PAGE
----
by John Davis
The Sounds of Nature
Chipmunks produce three types of calls consisting of multiple, twittery notes: a high pitched “chip,” a lower pitched “chuck” and a quieter “trill.” Chips and chucks are often given in a series when a predator is detected, and trills are usually in response to being chased.
Eastern chipmunks (Tamias striatus) produce a variety of calls to communicate with one another. Listen to a recording of the chipmunk sounds. Recording courtesy Quinn C. Emmering.
Ovenbirds are ground-nesting warblers that studies show avoid nest predators by listening to surrounding sounds when selecting nest sites.
According to the study, ground-nesting veeries only weakly responded to chipmunk calls. Photo courtesy Holly Owen.
Study Shows Ground-Nesting Birds Eavesdrop to Find Safe Neighborhoods
Ground-nesting birds face an uphill struggle to successfully rear their young, with many eggs and chicks falling prey to predators.
However, two researchers at Texas Tech have found that some birds eavesdrop on their enemies, using this information to find safer spots to build their nests. The study – one of the first of its kind – was recently published in the “British Ecological Society’s Journal of Animal Ecology.”
Ovenbirds (Seiurus aurocapilla) and veeries (Catharus fuscescens) both build their nests on the ground, running the risk of losing eggs or chicks to neighboring chipmunks.
Nesting birds use a range of cues to decide where to build their nests, but doctoral candidate Quinn Emmering and Kenneth Schmidt, an associate professor in the Department of Biological Sciences, wondered if the birds eavesdrop on the chips, chucks and trills that chipmunks use to communicate with each other.
“Veeries and ovenbirds arrive annually from their tropical wintering grounds to temperate forests,” Emmering said. “They must immediately choose where to nest. A safe neighborhood is paramount, as many nests fail due to predation. Predators are abundant. However, many predators communicate with one another using various calls, scent marks or visual displays that become publicly available for eavesdropping prey to exploit.”
Testing the Theory
Working in the forested hills on the property of the Cary Institute of Ecosystem Studies, 85 miles north of New York City, Emmering and Schmidt tested their theory that ovenbirds and veeries might be eavesdropping on chipmunks’ calls before deciding where to nest. At 28 study plots, a triangular arrangement of three speakers played either chipmunk or grey tree frog calls (a procedural control), and at 16 control sites no recordings were played.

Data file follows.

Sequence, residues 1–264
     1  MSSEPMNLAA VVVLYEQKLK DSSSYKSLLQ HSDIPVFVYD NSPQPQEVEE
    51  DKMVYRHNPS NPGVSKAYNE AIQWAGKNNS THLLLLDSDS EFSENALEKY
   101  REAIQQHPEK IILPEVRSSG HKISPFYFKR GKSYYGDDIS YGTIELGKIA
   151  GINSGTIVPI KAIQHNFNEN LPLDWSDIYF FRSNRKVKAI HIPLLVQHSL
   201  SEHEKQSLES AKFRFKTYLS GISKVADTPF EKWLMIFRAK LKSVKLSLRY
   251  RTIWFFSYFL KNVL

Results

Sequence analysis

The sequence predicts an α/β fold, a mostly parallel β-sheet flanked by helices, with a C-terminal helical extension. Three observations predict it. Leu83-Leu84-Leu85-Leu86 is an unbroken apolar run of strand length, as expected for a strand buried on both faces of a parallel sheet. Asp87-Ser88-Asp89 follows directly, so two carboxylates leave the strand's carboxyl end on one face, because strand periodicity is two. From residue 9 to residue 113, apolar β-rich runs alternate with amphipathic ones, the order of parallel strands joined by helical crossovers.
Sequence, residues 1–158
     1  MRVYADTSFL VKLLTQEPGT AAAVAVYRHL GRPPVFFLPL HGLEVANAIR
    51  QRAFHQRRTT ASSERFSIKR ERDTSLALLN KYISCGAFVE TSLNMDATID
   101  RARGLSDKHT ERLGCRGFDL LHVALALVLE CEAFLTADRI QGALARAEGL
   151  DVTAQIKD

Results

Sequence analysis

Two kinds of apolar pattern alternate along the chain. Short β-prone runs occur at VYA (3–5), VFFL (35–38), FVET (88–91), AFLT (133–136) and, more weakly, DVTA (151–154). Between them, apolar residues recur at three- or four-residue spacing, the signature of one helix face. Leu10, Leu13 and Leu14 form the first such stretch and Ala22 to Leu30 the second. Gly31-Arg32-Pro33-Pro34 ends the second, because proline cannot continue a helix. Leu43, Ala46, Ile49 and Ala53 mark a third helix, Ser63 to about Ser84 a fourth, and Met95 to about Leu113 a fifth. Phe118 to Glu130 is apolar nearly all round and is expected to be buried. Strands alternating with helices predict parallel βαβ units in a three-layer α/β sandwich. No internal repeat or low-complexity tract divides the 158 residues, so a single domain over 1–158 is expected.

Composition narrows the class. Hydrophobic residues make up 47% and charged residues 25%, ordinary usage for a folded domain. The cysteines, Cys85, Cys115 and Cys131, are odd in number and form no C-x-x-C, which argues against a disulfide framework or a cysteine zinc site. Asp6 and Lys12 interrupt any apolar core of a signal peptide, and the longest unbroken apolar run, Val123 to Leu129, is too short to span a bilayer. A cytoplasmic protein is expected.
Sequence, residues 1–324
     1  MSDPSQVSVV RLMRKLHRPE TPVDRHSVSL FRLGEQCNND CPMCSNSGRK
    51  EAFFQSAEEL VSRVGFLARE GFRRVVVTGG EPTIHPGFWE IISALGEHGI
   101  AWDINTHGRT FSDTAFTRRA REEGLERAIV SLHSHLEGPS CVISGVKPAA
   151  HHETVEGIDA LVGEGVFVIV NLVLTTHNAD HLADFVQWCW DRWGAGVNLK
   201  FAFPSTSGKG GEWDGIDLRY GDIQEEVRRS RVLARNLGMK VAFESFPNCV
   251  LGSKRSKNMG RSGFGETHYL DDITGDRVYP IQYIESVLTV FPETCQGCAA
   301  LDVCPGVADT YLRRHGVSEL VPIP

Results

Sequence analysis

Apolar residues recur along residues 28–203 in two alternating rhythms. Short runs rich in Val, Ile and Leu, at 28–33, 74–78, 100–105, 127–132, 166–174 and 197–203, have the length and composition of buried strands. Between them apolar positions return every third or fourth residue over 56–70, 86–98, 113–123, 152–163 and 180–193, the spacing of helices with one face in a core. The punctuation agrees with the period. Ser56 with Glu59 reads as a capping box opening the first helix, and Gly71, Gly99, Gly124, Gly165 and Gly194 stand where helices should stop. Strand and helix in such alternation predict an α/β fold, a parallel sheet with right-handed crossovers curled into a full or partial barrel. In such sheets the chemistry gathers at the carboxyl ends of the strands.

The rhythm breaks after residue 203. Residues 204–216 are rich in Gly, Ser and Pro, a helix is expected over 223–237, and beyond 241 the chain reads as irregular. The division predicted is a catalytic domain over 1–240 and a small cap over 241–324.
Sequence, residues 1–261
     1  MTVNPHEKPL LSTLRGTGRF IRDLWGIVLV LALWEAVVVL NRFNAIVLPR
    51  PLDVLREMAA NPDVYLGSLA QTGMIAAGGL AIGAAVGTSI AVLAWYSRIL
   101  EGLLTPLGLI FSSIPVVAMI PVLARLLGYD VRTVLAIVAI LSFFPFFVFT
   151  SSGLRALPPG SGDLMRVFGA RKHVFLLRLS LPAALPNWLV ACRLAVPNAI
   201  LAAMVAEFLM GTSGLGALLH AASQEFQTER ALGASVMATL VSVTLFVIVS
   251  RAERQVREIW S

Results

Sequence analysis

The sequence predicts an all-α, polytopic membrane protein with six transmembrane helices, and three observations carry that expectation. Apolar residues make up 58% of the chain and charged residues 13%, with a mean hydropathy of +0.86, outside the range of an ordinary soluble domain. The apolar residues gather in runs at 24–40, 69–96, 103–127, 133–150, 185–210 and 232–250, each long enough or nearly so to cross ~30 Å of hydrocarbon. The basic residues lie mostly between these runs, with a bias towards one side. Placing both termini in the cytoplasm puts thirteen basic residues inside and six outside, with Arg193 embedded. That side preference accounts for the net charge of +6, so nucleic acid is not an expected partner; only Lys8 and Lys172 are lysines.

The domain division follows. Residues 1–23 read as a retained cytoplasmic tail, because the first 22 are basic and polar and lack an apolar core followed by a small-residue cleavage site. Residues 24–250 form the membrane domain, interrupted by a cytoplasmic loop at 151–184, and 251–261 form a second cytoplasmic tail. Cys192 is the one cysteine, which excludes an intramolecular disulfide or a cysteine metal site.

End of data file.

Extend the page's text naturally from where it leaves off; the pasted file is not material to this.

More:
“Chipmunks call often during the day and sometimes join in large choruses,” Emmering said. “We thought this might be a conspicuous cue that nesting birds exploit.”
The researchers found that the two species nested farther away from plots where chipmunk calls were played. The size of the response was twice as high in ovenbirds, which nested 65 feet farther away from chipmunk-playback sites than controls; veeries nested 32 feet farther away from chipmunk-playback sites.
The weaker response by veeries suggests they may not attend to chipmunk calls as ovenbirds do. This difference could ultimately have an effect on how their respective populations are able to respond to dramatic fluctuations in rodent numbers that closely follow the boom-to-bust cycles of masting oak trees.
“We found that by eavesdropping on chipmunk calls, the birds can identify hotspots of chipmunk activity on their breeding grounds, avoid these areas and nest instead in relatively chipmunk-free spots,” Emmering said.
The Feathered Subjects
Veeries (pictured above) are forest thrushes with warm, rusty-colored backs and cream-colored, spotted chests. Ovenbirds are large warblers with dark streaks on their underside, and are olive above with a bold white eye-ring and an orange crown bordered by two dark stripes.
Ovenbirds and veeries primarily forage on the ground and the shrub layer of the forest. Veeries build open, cup-shaped nests directly on the ground or up to 3 feet high in shrubs. Ovenbirds, on the other hand, always nest on the ground, building dome-shaped nests made of leaves, pine needles and thatch with a side entrance. Ovenbirds are so-called because their nests resemble a Dutch oven where they “cook” their eggs.
The British Ecological Society was established in 1913 by academics to promote and foster the study of ecology. The learned society has 4,000 members in the UK and abroad.
Kenneth Schmidt is an associate professor in the Department of Biological Sciences in the College of Arts and Sciences.
His research focus is the ecology of information, how organisms acquire information to manage daily activities and the significance of information for populations, communities and ecosystems. His research projects include eavesdropping and predation risk, settlement and nest-site decisions, and eavesdropping and cognitive abilities of caching in tree squirrels. More
Quinn Emmering is a doctoral candidate in the Department of Biological Sciences in the lab of Kenneth Schmidt. His research primarily focuses on avian ecology and behavior, but particularly, exploring what information birds use to make adaptive decisions.
His current research, conducted at the Cary Institute of Ecosystem Studies, investigates the spatial refugia and cues used by songbirds to assess heterogeneity in predation risk as it applies to nesting decisions. More
Photos courtesy Quinn C. Emmering and Kenneth Schmidt.
John Davis is a Sr. Writer in the Office of Communications & Marketing at Texas Tech University.